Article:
The Silent March of Inflation

Excerpted from The Single Best Investment
Inflation and Dollar Devaluation
Perhaps because the monthly bill never arrives in the mail, most investors pay far too little heed to the basic underlying context in which their investments exist. That context is inflation. Since World War II there have only been two years in which inflation declined; the average annual inflation rate for the past 50 years has been 4.5%. And inflation compounds. As prices rise each year, the value of your original investment dollar declines. Inflation marches on, quietly, rarely making headlines, and static dollars fall further and further behind.

Put simply, if prices double, the value of your investment must double merely to stay the same in terms of purchasing power—and that doesn’t even begin to address the issue of having your money “go to work” for you, of getting a true investment return above the rate of inflation. And indeed, prices do double. At 4% inflation (lower than the long-term trend), prices double every 18.1 years. Think back. Twenty-five years back from this writing was 1980 (when inflation was above 10%, by the way). The cost of a new middle-of-the-line Ford was about $3,500 delivered. Today, that number is greater than $20,000. College tuitions have risen by nearly exactly the same amount. A new auto battery then cost $14, the same battery that today costs $70. In 1980 a cheap haircut cost $5. Today, even at the mall walk-in shops you’ll have to pay $15-20.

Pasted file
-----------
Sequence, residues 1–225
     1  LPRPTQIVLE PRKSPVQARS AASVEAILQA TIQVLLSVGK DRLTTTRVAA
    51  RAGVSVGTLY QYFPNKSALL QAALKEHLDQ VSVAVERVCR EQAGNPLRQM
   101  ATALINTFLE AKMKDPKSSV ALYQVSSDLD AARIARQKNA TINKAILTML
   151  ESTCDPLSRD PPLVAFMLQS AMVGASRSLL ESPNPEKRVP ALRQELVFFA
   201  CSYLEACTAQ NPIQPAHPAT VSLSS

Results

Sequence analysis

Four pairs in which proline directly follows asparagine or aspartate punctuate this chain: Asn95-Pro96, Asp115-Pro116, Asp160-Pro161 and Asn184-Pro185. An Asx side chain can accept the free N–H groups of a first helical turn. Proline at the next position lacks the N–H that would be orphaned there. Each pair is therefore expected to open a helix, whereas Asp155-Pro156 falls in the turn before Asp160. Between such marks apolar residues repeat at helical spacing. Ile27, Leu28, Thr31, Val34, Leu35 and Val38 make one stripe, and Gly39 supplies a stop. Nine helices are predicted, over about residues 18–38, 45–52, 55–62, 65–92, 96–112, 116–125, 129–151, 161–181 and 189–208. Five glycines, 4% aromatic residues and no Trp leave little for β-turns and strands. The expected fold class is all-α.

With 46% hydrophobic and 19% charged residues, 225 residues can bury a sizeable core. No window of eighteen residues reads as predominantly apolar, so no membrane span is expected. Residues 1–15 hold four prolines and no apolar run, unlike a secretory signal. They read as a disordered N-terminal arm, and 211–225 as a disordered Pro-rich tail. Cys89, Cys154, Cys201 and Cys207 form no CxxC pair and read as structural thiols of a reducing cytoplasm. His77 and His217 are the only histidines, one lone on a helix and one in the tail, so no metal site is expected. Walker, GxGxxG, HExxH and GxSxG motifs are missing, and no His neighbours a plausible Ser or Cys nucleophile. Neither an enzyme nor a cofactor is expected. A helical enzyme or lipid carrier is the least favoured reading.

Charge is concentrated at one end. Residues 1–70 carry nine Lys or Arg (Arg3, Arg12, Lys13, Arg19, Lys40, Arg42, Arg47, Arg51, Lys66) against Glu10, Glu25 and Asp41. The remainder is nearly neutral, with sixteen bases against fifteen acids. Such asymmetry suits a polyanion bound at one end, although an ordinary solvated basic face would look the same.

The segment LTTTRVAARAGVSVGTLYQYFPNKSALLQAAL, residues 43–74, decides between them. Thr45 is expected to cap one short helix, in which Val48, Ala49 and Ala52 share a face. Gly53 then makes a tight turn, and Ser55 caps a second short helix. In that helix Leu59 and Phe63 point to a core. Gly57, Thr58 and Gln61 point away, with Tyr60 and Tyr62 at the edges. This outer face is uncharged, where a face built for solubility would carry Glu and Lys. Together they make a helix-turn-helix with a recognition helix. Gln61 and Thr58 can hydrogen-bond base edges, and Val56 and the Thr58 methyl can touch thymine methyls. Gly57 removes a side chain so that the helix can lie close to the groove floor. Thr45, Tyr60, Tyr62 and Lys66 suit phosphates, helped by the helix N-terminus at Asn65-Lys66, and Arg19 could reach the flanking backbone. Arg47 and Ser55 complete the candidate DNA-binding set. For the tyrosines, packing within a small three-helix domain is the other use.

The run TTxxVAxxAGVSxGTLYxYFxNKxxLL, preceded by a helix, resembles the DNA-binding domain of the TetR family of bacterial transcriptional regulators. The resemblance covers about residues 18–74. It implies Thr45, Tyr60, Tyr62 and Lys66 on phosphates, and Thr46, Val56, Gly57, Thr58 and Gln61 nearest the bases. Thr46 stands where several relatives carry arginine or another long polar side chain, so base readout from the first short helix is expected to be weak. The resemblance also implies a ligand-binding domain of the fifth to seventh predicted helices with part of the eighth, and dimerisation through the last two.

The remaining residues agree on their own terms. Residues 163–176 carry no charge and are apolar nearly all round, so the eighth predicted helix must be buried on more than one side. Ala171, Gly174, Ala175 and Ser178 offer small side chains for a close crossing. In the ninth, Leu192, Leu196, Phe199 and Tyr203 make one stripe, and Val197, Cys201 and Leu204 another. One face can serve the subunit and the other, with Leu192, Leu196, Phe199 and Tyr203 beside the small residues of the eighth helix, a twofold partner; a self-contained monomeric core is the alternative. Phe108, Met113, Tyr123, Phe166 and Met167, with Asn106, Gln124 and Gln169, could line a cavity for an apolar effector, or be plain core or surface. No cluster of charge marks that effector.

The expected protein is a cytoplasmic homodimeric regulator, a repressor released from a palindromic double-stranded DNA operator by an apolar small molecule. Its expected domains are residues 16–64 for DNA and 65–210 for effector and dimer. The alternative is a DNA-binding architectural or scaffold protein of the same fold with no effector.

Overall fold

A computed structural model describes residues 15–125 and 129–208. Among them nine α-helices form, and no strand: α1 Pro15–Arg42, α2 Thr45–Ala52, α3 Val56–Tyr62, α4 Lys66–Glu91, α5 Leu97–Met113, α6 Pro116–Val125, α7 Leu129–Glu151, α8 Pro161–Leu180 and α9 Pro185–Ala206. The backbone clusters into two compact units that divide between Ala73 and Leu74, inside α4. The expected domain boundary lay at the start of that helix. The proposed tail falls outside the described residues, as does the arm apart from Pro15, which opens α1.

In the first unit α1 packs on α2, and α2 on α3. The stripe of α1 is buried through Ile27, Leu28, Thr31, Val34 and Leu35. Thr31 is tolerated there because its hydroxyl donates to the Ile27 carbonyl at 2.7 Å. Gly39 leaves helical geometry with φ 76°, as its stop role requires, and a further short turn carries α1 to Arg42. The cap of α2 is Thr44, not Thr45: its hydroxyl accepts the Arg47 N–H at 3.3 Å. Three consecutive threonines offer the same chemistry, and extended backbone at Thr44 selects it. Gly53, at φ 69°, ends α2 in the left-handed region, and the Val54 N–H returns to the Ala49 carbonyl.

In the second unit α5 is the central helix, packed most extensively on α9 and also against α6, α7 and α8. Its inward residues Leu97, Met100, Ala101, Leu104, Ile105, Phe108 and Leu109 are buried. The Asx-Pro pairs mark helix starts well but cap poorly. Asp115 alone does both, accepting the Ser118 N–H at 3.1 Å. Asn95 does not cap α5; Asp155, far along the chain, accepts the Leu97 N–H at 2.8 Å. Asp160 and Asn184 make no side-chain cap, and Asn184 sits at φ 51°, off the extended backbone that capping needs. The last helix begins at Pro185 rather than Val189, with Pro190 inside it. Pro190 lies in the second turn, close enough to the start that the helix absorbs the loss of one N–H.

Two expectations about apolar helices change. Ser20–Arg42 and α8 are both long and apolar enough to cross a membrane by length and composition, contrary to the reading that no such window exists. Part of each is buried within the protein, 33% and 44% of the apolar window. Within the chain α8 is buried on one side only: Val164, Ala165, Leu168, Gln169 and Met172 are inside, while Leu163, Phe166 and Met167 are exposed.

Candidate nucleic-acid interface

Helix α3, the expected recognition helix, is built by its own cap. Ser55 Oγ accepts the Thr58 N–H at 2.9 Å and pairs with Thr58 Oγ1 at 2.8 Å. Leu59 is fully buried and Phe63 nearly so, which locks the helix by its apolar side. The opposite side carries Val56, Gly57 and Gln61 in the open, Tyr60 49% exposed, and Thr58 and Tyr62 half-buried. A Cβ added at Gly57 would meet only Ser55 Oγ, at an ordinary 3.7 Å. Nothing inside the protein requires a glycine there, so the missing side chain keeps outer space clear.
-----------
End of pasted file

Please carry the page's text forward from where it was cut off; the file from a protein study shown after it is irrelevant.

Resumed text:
Since 1945, prices, as measured by the Consumer Price Index, have risen over 900%. Some prices have gone up even more. Health care costs rose over 200% in the decade of the 1980s alone, and continue to rise at roughly 9% per year. The “real” things we buy, such as a magazine, a paperback book, a slice of pizza, a movie ticket, a dental visit, a suit cleaning, etc., have risen two to three times as fast as the CPI in the past twenty years. Investors need to remember that in 1968 a gallon of gas cost about a quarter; as I write it is ten times that.

The Chart above shows the “progress” of inflation since
World War II.

What it shows, very simply, is that if you could buy a product or service for $100 in 1945, by 2005 you would have to spend $1,045.40 to get the same product or service. If your investments did not rise by over 1,000% during that period, you actually lost money, adjusted for inflation.

You might say that a loaf of bread in 1945 became a slice of bread by 2005, in terms of what you get for a depreciated dollar, or how many extra dollars you would need to account for increased costs. An automobile became a chassis and two tires. A whole hog became a package of bacon. A chandelier became a night light. Your $100,000 was transformed into just $9,563 of purchasing power by rising prices for everything.

So inflation is the context in which your investments exist, the starting point, the minimum benchmark against which investment performance must be measured. The inflation rate is the first hurdle you must overcome.